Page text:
In 1990, Warner Bros. released Joe Dante’s follow-up to the cult classic Christmas horror film Gremlins, and no one really knew what to think of it. Where the first film told a story about a small town coming together in the face of chaotic monsters, the Gremlins sequel was more interested in showing how much destruction the monsters could cause. Gremlins 2 is thought to be one of the weirdest '90s movies to be released by a major studio, and it certainly deserves that status. It’s absolutely bonkers from the very beginning.
You may not remember much of this film besides Hulk Hogan's wall-breaking cameo or the musical number during the film's finale, but Gremlins 2: The New Batch isn’t just some ill-conceived cash grab - it’s a piece of art.
The first Gremlins film falls under the umbrella of the classic Amblin Entertainment films. In the '80s, Amblin was founded by Steven Spielberg and it produced classics about children in peril: Gremlins, The Goonies, and E.T.: The Extra-Terrestrial. All of these films tell stories of suburban families who have their lives turned upside down by extreme circumstances. They're heart-warming and they're family favorites for a reason, but Dante wasn't interested in re-creating this formula for the follow-up.
Gremlins 2 was as close as Dante could come to putting his id on screen. He takes swipes at people colorizing black and white films, the concept of sequels, and makes time to include an actor known for starring in B-movie horror films, Christopher Lee.
One of the film's biggest meta moments, when a group of Gremlins actually break the film and Hulk Hogan sets things right, almost didn't make it into the final cut. Dante explained that Warner Bros. executives thought viewers wouldn't understand what was happening. He told Film Comment, "It’s become very difficult to be Brechtian in any obvious way. Studio people don’t like the idea of reminding people that they’re watching a movie. They think somehow people are unaware of the fact they’re in a theater watching this movie with other people around them."
Gremlins 2 might be the only major motion picture that references the fact that it's a sequel to a film by having a film critic trash the initial film in the series before slaying said critic. The scene in question shows real-life film critic Leonard Maltin discussing a VHS re-release of Gremlins and uses the exact same words he used to review the original movie. He notoriously disliked the first film for its gore but agreed to be asphyxiated with a roll of 35mm film by a group of Gremlins in the sequel.
As a child of the '50s, Dante was the first generation to live in a time when television was readily available, and like many directors who are in the same age group, he was influenced by what was on the tube. At the time, it would have been B-movies, Looney Tunes, and a resurgence of the Universal monster films. If anything explains the heights of lunacy Gremlins 2 reaches, it's this combination of influences.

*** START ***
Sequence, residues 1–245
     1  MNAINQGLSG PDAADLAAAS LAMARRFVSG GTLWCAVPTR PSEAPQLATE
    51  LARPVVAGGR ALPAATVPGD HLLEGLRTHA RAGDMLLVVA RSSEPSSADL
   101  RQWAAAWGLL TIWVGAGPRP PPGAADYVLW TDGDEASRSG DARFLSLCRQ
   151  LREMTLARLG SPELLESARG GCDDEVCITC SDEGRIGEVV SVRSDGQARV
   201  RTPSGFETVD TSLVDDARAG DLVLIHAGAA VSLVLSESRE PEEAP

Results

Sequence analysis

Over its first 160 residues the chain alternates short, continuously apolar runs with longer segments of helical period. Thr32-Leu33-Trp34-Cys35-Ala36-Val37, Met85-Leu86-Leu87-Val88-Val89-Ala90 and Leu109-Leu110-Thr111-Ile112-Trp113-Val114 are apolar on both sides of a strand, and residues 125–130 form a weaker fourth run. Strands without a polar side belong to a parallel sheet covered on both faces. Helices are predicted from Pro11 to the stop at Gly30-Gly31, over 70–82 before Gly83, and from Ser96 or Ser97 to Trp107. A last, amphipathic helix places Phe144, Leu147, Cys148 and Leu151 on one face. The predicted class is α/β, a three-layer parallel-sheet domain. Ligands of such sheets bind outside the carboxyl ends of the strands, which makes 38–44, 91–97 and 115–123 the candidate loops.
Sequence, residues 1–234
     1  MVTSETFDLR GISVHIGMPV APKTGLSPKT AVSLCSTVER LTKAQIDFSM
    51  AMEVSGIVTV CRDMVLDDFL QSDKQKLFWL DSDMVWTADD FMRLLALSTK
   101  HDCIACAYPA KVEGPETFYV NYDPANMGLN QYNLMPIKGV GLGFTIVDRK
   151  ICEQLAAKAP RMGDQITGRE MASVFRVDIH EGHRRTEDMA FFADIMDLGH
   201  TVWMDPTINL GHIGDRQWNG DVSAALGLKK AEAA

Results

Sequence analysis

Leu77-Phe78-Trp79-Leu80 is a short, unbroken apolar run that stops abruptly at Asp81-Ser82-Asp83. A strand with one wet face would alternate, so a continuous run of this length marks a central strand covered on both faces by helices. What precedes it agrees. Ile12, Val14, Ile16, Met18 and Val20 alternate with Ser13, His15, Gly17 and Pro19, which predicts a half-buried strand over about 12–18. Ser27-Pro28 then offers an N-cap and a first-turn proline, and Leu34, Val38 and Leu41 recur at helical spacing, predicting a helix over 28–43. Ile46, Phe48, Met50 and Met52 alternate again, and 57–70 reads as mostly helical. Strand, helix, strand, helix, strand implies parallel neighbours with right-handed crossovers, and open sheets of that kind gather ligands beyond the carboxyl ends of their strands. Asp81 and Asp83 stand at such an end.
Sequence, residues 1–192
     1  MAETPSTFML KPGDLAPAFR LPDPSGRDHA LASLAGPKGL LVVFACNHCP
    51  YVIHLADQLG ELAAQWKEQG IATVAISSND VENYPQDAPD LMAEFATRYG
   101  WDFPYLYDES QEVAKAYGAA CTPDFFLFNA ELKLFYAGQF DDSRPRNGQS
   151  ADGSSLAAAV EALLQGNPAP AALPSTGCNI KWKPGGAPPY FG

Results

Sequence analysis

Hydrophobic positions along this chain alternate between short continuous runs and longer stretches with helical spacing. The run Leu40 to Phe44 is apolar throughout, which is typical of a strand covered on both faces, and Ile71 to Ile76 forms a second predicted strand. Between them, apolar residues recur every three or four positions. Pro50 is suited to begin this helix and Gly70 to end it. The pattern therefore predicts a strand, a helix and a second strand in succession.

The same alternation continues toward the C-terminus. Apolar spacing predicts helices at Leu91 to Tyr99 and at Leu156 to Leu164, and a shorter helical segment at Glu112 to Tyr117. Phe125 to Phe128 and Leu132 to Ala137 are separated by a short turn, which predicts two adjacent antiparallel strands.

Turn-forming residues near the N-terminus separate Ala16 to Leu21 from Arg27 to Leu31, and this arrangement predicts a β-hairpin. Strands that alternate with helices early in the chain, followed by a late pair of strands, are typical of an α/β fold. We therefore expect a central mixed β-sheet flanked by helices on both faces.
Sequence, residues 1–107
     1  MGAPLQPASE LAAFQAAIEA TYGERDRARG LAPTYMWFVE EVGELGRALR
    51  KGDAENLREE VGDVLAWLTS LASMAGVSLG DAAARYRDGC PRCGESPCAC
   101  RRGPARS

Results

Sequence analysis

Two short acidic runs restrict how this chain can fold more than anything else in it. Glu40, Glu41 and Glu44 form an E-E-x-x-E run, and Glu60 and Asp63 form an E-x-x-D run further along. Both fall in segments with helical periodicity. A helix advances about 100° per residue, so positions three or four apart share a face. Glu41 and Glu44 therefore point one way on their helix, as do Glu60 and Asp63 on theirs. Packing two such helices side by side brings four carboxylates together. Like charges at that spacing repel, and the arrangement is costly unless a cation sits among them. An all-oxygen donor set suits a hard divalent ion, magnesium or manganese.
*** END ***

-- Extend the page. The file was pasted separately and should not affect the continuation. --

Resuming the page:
Dante spoke to Syfy about how his disparate influences coalesced when he was a child: "I read a lot of comic books and I read a lot of science fiction. I liked Edgar Allan Poe, I liked Ray Bradbury, I liked Robert Sheckley. In the '50s there were a lot of collections of science fiction short stories and novels. I was influenced by everything I ever read and everything I ever saw."
As pop culture critic Nathan Rabin points out, Dante's entire career has been spent recontextualizing popular art into something different. Dante began his career by editing The Movie Orgy, a mash-up of B-movie clips, commercials, and television spots. From there, he went on to make the Jaws clone Piranha for Roger Corman, and he even directed a section of The Twilight Zone: The Movie.
Whether it was conscious or not, Dante's career has always been about paying homage to what came before him by blowing it up. When you watch Gremlins 2, you can see that the director has a love for these characters. But by completely changing the genre and character motivations for the sequel, Dante was able to make a bolder statement than he ever would have if he'd made a by-the-numbers sequel to a cult classic.
Even though Gremlins 2 revels in the chaos made by its lovable monsters, it also serves as a sly indictment of the culture of the late '80s and early '90s. In 2016, Dante told Syfy: "There was really no reason for another Gremlins movie, so I decided to make a movie about sequels, the '90s, and to make fun of the first movie."
The very building in which the film takes place serves as an all-encompassing home, workspace, and shopping center where the automation works too well for its own good. The idea seemed silly at the time, but in every major urban sprawl there's now an apartment building situated on top of a gym, coffee shop, and a couple of restaurants. Some apartment complexes even sit directly on top of a fully functioning mall. The more it ages, the more insightful Gremlins 2 appears.